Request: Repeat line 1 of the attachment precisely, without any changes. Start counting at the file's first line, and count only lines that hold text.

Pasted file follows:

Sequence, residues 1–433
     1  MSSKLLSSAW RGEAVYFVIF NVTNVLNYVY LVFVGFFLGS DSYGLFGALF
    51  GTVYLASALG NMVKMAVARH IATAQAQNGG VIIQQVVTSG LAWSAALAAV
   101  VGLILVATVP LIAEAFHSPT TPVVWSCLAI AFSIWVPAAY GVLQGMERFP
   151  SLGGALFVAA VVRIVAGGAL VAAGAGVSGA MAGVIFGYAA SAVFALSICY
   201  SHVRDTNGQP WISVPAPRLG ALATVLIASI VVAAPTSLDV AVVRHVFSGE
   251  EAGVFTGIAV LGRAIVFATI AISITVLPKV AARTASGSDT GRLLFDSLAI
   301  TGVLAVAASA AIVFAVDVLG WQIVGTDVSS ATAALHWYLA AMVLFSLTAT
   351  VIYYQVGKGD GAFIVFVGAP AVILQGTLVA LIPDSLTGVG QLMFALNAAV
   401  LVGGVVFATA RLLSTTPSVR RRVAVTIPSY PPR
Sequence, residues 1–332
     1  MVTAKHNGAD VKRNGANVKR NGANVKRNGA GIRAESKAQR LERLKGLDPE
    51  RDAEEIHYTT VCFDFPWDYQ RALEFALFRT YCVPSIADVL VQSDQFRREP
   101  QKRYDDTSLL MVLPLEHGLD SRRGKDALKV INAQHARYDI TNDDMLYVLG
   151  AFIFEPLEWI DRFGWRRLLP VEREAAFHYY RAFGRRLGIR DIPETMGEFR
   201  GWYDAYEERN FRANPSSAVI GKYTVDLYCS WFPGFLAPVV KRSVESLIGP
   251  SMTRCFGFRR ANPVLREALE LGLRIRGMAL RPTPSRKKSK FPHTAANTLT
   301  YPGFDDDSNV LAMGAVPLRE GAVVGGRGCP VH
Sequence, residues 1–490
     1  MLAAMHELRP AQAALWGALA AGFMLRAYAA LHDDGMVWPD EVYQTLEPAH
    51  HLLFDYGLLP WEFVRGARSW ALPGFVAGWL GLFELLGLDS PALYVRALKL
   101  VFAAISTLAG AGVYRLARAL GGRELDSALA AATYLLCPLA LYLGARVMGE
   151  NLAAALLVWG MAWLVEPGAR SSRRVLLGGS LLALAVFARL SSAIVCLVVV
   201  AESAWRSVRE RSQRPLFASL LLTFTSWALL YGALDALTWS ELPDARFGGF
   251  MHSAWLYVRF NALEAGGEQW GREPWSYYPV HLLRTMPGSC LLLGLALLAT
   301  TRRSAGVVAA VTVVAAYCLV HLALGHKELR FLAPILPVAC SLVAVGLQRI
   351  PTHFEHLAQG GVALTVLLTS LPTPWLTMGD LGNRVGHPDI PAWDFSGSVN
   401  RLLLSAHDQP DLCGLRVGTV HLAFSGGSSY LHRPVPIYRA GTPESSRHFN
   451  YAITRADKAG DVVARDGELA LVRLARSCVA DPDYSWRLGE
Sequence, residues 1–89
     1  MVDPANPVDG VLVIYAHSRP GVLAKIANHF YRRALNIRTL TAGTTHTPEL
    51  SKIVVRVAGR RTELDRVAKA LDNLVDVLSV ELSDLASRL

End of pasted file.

Sequence, residues 1–433